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Rewording: Analysis of the Film Blue Christmas (1978) directed by Kihachi Okamoto.
Rewording: Analysis of the Film Blue Christmas (1978) directed by Kihachi Okamoto.

Rewording: Analysis of the Film Blue Christmas (1978) directed by Kihachi Okamoto.

Unfounded fear and mistrust leads to harmful degradation of others.

“Blue Christmas,” also known as “Blood Type: Blue,” is a hidden gem that often goes unrecognized. It was created during a time when tokusatsu, a genre of Japanese special effects entertainment, had lost its popularity and was being overshadowed by American blockbusters like George Lucas’s “Star Wars.” Toho, the production company, aimed to make a film that relied less on special effects and instead focused on allegory. The story is based on the work of So Kuramoto, who was brought on as the screenwriter. The director, Okamoto, was selected for his previous experience with social commentary in his films, despite his personal dislike for tokusatsu media. This resulted in a unique sci-fi movie that explores themes of societal prejudice against the backdrop of Christmas. Upon its initial release, the film was met with negative reviews and did not perform well financially. However, over time it has gained a devoted following and is now highly regarded in Japan, though it remains relatively unknown internationally. Hideaki Anno, a renowned filmmaker, has even cited it as one of his personal favorites and a significant influence on his own work.

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Mysterious flying objects start appearing all over the world, causing anyone who comes into contact with them to have blue blood. As a result, a new group of people with this unique body fluid emerges. However, they face discrimination and prejudice from society, fueled by corrupt government officials. The situation becomes a topic of debate, questioning their humanity and labeling them as potential threats. Efforts are made to fight against this unfair treatment, including peaceful movements promoting equality. The story unfolds through various perspectives, such as Taisuke Oki, a member of the National Defense Agency who struggles with his beliefs about the issue. Meanwhile, Saeko Nishida, a kind and compassionate barber and Oki’s love interest, empathizes with the struggles of the blue-blooded individuals. Kazuya Minami, a news reporter, investigates and reports on the phenomenon while uncovering hidden agendas. As Christmas nears, heartless politicians and armed forces plot to strip the blue-blooded people of their basic human rights.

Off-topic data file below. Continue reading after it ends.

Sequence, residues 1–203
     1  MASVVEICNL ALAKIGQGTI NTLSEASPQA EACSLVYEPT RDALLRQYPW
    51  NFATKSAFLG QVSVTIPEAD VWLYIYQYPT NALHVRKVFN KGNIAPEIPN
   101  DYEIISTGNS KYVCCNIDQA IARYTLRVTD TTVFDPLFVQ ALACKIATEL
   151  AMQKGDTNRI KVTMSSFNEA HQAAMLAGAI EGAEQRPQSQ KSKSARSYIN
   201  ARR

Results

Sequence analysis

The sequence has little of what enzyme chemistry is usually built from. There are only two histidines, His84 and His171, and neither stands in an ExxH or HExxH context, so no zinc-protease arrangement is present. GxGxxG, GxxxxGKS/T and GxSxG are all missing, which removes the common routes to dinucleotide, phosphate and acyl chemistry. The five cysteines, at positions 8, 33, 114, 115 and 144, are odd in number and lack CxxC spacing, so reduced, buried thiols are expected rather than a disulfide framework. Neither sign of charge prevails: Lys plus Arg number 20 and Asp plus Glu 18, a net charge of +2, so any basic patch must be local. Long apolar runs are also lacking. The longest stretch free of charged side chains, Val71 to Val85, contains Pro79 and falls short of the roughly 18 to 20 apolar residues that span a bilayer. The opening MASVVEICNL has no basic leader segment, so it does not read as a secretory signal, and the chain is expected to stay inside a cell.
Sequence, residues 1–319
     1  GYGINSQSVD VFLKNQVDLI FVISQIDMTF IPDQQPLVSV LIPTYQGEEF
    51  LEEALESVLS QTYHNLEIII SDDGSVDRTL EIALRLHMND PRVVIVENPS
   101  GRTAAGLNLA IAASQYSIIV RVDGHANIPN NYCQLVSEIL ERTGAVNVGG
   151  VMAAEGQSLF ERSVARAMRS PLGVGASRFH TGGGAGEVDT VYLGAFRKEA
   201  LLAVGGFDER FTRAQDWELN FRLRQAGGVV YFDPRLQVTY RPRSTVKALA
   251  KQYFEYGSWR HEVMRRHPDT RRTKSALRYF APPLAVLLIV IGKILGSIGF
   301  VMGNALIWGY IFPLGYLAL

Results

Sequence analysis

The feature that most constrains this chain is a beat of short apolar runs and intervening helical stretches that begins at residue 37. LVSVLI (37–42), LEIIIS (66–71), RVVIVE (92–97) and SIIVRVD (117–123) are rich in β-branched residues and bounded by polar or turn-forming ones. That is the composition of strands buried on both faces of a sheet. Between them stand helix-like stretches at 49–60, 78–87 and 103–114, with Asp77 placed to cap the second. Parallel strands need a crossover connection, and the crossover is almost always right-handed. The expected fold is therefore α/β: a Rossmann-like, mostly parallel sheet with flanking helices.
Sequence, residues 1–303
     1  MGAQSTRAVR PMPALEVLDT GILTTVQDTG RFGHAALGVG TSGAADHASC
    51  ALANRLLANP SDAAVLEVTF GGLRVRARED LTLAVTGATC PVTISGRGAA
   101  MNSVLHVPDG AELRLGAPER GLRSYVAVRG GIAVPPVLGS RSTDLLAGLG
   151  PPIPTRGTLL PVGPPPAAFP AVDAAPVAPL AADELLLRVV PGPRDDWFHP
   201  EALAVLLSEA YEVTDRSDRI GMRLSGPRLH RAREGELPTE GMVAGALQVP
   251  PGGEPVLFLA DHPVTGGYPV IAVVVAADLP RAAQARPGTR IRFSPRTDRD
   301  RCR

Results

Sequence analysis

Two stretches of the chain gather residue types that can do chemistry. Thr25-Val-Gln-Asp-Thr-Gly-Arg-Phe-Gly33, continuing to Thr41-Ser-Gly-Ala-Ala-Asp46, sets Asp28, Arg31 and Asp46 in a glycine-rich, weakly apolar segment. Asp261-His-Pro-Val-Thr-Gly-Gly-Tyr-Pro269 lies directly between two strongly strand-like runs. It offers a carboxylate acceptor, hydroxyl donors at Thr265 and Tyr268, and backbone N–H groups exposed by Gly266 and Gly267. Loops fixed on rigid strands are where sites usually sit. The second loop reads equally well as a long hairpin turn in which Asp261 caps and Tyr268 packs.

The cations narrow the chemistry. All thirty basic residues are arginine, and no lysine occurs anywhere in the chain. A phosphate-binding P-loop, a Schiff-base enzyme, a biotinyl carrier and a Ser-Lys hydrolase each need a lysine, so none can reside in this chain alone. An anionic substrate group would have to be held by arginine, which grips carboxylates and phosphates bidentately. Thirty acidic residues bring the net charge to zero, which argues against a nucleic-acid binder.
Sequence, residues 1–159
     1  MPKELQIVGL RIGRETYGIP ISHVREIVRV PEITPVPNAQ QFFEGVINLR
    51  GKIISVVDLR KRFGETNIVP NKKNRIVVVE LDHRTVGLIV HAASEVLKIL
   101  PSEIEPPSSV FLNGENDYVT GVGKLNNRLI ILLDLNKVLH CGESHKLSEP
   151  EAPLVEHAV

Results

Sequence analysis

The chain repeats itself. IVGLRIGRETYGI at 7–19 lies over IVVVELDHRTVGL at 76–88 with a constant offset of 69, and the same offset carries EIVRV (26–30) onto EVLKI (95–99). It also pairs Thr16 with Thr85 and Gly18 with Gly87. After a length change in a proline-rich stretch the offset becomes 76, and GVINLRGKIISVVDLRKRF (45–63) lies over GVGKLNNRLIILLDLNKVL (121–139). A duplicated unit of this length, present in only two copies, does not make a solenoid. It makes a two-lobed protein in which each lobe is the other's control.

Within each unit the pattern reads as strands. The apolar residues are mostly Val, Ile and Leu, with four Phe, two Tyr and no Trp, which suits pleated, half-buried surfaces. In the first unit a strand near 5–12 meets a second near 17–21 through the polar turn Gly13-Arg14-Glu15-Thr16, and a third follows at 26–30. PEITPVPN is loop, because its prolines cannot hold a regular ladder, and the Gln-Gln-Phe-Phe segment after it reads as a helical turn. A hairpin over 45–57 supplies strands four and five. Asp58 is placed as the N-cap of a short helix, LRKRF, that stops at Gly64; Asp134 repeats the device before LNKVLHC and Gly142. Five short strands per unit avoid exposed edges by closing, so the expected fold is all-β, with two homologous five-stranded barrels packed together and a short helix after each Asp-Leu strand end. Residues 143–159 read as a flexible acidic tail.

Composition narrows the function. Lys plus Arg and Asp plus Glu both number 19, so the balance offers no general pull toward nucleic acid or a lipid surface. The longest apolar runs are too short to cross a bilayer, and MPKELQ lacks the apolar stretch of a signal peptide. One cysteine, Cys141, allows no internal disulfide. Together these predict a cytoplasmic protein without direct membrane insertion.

This Christmas-themed tokusatsu film has a grand and expansive scope, not due to excessive special effects or large-scale battle scenes, but rather because of its function as a political thriller with science fiction elements. While the main setting is in Japan, the entire world is involved as the blue-blood phenomenon occurs globally and addresses discussions about human rights within governments. Along with a well-crafted screenplay and precise direction, the use of various filming locations and a substantial number of extras adds credibility to the events portrayed in the movie. Despite being made on a smaller budget compared to American blockbusters, this film impressively captures the magnitude of a worldwide sensation.

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The central focus of the film is allegory, which drives the narrative forward. Kihachi Okamoto aims to engage the audience with a story about international government conspiracies and complex human relationships while also shedding light on important issues that are relevant not only to Japan but to the rest of the world. Despite the presence of UFOs, “Blue Christmas” is not a science fiction movie, but rather a thought-provoking exploration of discrimination in its various forms, including racism, xenophobia, and fascism. This theme also serves as a commentary on political corruption and its role in perpetuating hateful beliefs and behaviors within society, ultimately leading to dehumanization. The film’s powerful finale depicts the devastating consequences of prejudice and violence towards those perceived as different, drawing clear parallels to the atrocities committed by the Third Reich during World War II and the Holocaust. These historical events are directly referenced and discussed throughout the film.